Analysis: Schalit on Egypt TV: exploitative, abusive, cruel

Israeli officials described the interview as "exploitative"; they could have added amateurish, propagandistic and cruel.

Schalit Egypt TV 311 (photo credit: Channel 10)
Schalit Egypt TV 311
(photo credit: Channel 10)
Israeli officials described Gilad Schalit’s first interview after his release as “exploitative.” They could have added amateurish, propagandistic, opportunistic and downright cruel.
Tuesday’s travesty – carried live on state TV – was conducted by Shahira Amin, a leading Egyptian journalist who in February quit the channel because of its skewed coverage of the popular protests that unseated president Hosni Mubarak. That Amin now appears to be doing Cairo’s bidding bodes ill for hopes the “new Egypt” would usher in the first free media environment in the post-colonial Arab world.
The notion that Schalit agreed to give Nile TV an interview of his own free will defies belief. Forcing him to do so immediately after his release from Gaza – before seeing medical staff, much less an Israeli representative or his family – is in itself an apparent breach of journalistic ethics.
That issue aside, more than a few of Amin’s questions ran the gamut from fatuous to sadistic.
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“During all that time of captivity, you did just one video to tell the world and your family that you’re alive,” she tells the soldier. “Why just once? Why didn’t it happen again?”
Rather than letting him answer, however, Schalit’s Hamas minder-cum-interpreter scolds Amin for asking the same question twice (a peculiar accusation, given the footage shows the question hadn’t been asked before).
The resulting argument between interviewer and minder is one of the interview’s more regrettable scenes. Amin says Schalit appears unwell, and “that’s why I’m asking the question again” – as if drilling him repeatedly will have a salutary effect. The question is itself absurd, roughly tantamount to asking a hostage victim why he or she didn’t escape sooner.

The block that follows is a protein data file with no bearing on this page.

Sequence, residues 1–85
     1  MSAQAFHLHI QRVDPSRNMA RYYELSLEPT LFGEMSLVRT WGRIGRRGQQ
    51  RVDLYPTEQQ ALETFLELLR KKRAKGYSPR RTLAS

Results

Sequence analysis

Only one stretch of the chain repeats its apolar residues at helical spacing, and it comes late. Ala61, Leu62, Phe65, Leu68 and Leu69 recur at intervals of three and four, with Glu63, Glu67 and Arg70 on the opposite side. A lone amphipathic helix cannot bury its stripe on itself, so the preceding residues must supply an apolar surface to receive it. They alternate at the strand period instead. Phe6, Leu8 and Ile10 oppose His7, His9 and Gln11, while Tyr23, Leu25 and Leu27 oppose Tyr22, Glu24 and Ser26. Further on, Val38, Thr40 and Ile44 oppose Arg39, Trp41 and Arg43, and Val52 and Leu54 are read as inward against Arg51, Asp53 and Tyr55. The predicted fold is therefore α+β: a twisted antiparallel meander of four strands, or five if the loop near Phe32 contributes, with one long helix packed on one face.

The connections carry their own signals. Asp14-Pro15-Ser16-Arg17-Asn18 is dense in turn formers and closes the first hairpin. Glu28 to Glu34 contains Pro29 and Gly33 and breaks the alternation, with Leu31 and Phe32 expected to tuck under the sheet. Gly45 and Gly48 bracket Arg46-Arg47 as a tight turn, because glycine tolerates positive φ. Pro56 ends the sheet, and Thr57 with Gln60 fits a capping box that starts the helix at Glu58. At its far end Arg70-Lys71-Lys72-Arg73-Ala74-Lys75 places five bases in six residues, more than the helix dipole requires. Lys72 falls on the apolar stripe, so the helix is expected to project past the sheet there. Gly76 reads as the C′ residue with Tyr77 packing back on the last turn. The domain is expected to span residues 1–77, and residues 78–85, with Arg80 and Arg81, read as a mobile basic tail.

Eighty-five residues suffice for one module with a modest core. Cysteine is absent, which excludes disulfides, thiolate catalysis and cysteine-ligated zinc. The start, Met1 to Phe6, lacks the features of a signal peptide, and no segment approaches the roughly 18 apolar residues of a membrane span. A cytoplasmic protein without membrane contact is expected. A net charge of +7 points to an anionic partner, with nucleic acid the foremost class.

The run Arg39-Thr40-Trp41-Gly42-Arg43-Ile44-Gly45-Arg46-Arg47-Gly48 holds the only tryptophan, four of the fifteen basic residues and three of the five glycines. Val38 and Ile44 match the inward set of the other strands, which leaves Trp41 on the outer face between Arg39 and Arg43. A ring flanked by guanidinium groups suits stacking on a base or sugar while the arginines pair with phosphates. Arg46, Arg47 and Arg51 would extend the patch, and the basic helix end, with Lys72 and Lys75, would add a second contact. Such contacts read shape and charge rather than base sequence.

Amin’s subsequent question is little better: “It was the Egyptian national security that mediated for your release. There were previous failed mediation efforts, including one by the Germans. Why do you think that this time round, the mediation was a success, and what would you like to tell the Egyptian authorities?”
The reporter is seated beside an Egyptian flag – as if she were not the interviewer but an Egyptian government interviewee. Schalit, by contrast, sits next to a houseplant. Throughout the 12-minute ordeal, the soldier breathes heavily, his eyes either downcast or darting sideways and his tone of voice anxious.
Struggling to reply, Schalit mumbles, “I think the Egyptians succeeded because they’re on good relations both with Hamas and with Israel.”
He could well have said, “Don’t use me as a prop for Egyptian propaganda. I haven’t a clue how the mediations were conducted, given I know nothing about anything that has happened over the past five years. Next question?”
Amin proceeds to ask Schalit what “lessons” he learned in captivity. After asking for the question to be repeated, he says he believes a deal could have been reached sooner. Here the Hamas minder renders his response as praise for reaching a deal “in such short time” – a mistranslation repeated by the BBC’s own real-time interpreter.
“Gilad, you know what it’s like to be in captivity,” Amin continues as the painful charade drags on. “There are more than 4,000 Palestinians still languishing in Israeli jails. Will you help campaign for their release?”
Schalit’s answer, after a few seconds’ stunned silence, is superior: “I’d be very happy if they were released,” he says, then adds the caveat, “provided they don’t return to fighting Israel.”
Again, the Egyptian interpreter fails to translate the sentence’s second clause, and again the omission is repeated by the BBC’s interpreter, though he too was apparently translating from Hebrew in real-time.
“I will be very happy for the prisoners to go free, so that they can be able to go back to their families, loved ones and territory. It will give me great happiness if this happens,” the BBC’s interpreter relays.
Yonit Levi is the Channel 2 News presenter who throughout Tuesday’s coverage waxed poetic over Schalit’s every step, shunting aside the sensitivities of bereaved families or the thought that the lopsided prisoner exchange could spawn further acts of terrorism. In reacting to the Egyptian interview, however, she was spot-on: The “bizarre” spectacle, she said, “was borderline abusive.”
On his Twitter feed, Adel Abdel Ghafar, an Egyptian graduate student based in Australia, summed it up better still: “After five years in captivity, Schalit has to go through one last form of torture: an interview with Egyptian Public TV.”

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